L[i/o]ving cities


During the thirty four years of my existence I have been living in six cities in two different countries. In all those cities I met people with whom, luckily, I am still in touch and who allowed me to build my own personality with their points of view and actions. All these natural comes and goes in a young adult life could be considered as a utopia for my parents and much more for my grandparents.

The possibility of this kind of life, so individual and so far away from that static groups of people who influenced us during our whole life, is not casual. Fortunately, nowadays we have facebook, twitter, linkedin, skype, mobile phones, e-mail, low-cost transport and all the tools that are to come and that, for the first time in history, allow us to connect our relations in real time and not to lose them in our memory.

This entire new real world that is emerging in the last years, as François Ascher explains in his book “Les Nouveaux Compromis urbains”, is pushing us to rethink about the nature of what local means. Nowadays, we have several transport technologies that have blurred distances between goods and people and, we also have, the information technologies that allow us to share knowledge around the world. Therefore, in my point of view, the meaning of local, which historically was focused in territorial aspects, has to go forward to be focused in the relational aspects.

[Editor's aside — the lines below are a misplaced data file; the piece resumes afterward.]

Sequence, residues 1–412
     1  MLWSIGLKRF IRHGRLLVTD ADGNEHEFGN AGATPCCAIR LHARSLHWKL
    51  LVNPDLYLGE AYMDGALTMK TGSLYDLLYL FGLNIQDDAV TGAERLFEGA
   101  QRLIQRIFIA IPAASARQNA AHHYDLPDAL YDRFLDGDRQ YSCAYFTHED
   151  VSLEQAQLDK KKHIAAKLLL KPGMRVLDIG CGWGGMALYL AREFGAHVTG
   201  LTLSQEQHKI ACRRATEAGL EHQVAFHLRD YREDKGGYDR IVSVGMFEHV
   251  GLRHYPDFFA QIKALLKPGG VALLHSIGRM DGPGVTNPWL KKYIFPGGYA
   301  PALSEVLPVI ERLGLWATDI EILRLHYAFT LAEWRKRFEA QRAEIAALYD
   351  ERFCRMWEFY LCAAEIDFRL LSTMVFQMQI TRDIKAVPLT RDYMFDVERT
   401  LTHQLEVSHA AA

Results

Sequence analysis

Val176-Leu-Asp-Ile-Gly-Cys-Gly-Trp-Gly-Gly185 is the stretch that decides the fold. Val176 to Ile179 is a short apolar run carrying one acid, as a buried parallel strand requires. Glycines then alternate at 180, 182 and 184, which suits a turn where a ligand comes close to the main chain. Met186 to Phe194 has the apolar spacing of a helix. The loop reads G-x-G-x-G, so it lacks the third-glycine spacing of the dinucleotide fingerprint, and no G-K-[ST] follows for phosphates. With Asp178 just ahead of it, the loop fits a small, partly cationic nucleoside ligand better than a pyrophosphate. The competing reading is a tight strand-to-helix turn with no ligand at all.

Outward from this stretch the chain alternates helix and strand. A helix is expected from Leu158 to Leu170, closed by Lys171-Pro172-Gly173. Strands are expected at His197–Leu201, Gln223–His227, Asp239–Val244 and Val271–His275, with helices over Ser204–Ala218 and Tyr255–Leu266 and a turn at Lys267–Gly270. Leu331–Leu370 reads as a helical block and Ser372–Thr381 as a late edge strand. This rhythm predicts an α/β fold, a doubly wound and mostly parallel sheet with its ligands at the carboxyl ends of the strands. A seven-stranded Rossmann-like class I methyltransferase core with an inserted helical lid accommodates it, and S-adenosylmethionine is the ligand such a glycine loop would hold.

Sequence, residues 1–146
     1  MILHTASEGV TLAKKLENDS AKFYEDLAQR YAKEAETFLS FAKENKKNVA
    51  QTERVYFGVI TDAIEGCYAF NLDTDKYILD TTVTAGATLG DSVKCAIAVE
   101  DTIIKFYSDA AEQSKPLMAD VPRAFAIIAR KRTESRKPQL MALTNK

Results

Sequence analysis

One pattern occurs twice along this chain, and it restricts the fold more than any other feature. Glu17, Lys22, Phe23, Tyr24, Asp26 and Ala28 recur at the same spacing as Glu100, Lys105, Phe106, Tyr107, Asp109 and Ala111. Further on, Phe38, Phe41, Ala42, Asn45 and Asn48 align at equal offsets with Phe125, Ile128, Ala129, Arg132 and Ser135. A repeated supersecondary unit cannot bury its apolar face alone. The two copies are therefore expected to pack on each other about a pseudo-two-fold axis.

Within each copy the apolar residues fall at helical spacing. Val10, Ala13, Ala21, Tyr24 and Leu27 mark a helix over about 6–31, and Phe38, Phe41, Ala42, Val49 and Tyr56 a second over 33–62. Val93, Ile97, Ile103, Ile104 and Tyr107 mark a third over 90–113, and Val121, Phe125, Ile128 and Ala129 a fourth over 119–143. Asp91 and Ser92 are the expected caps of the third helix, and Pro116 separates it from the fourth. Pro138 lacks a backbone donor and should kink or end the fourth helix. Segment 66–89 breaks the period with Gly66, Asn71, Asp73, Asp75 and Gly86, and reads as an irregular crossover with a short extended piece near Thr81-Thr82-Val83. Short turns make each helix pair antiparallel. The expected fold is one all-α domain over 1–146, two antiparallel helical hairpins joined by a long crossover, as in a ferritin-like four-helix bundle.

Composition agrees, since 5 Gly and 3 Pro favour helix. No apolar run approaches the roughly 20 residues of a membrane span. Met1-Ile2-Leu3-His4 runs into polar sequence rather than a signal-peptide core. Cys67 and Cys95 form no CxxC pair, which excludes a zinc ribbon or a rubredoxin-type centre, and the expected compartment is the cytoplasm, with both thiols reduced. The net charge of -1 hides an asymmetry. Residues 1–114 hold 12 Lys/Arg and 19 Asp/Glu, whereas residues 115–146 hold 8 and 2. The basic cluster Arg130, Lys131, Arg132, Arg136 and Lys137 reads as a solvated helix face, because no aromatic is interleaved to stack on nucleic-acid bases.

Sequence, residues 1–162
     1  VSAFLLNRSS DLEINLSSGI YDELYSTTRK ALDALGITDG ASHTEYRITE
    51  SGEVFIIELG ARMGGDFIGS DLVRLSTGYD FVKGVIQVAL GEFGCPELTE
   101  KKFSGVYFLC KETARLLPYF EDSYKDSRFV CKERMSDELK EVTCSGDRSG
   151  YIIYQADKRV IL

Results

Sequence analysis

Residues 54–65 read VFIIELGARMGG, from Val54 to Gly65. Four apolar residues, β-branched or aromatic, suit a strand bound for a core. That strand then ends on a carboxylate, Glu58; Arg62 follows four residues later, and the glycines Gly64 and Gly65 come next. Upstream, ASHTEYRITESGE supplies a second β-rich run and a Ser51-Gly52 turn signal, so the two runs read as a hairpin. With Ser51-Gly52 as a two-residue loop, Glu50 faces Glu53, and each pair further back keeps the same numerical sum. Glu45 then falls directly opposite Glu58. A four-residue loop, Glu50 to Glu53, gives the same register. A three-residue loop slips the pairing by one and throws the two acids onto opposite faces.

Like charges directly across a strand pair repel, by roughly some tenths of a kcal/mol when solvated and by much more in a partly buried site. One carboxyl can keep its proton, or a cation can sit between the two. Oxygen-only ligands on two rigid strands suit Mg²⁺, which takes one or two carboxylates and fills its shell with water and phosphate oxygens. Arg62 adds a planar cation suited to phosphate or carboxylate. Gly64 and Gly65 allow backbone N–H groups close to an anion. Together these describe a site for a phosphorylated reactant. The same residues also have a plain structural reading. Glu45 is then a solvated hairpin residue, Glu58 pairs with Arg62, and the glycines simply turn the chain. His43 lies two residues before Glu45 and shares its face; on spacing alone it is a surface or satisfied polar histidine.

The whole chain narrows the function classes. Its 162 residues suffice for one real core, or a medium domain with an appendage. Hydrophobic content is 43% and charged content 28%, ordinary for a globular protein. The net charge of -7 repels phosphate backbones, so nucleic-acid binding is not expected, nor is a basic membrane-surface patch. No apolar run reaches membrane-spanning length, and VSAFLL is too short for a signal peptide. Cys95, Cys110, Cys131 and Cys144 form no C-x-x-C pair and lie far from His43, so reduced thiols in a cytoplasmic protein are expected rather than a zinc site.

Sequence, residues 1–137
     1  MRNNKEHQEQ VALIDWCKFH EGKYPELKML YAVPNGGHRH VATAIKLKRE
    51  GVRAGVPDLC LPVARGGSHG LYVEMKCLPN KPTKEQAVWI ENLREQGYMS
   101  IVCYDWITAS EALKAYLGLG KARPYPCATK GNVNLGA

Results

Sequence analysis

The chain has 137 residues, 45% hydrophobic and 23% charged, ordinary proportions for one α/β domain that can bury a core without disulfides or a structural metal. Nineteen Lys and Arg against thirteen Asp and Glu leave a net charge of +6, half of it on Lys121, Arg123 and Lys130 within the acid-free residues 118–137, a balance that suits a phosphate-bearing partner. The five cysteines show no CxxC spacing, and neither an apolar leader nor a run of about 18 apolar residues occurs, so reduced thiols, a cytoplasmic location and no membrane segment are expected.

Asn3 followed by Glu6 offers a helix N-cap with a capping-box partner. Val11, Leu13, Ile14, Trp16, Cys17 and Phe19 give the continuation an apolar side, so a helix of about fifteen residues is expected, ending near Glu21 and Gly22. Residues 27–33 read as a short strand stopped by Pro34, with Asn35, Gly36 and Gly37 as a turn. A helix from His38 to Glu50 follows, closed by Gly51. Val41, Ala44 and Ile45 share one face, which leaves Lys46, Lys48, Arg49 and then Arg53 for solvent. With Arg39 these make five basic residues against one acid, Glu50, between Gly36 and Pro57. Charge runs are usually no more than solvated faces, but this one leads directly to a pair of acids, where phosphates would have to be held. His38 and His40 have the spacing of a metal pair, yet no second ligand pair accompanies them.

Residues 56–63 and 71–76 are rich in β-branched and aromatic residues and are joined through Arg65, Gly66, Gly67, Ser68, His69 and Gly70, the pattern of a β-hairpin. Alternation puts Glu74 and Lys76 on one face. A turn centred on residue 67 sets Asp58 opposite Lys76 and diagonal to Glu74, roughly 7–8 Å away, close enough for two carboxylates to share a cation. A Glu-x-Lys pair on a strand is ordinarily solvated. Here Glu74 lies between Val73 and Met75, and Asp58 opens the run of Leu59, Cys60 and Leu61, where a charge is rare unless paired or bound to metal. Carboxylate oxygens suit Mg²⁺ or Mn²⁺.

It is a fact that the territorial aspect was, is and is going to be a key factor on the generation of links and relations between people, but, nowadays, that is not the only place for relations. An example of this is that people swap things and have personal or professional relations with other people who have never seen. Therefore, this new way for relations has to have its consequences in territorial organizations and in the possibility of letting people participate in local policies.

At this point come up new possibilities that have to be studied, developed and could be incorporated in our democracies to improve their own acceptance. As examples I can add, in the first place, the possibility of a territorial weighting of votes depending on the implication of people with different territories (eg. for people who live in two cities simultaneously) or, in the second place, the possibility of participation on particular issues for people who have a relation with the place of the issue although it is not a residence place.

On the other hand, it seems that tools as the local census or as the vote in fixed districts according with the residence place are becoming a bit restricted in this global word of relations that we are creating. As one friend of mine said: “globalization beyond economy: citizenship and public spirit are key concepts”.

If somebody asks me, I will say that home is the place where people that value me are, but, just now, I do not know where they are.

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Comments on: "THE NEW MEANING OF LOCAL" (5)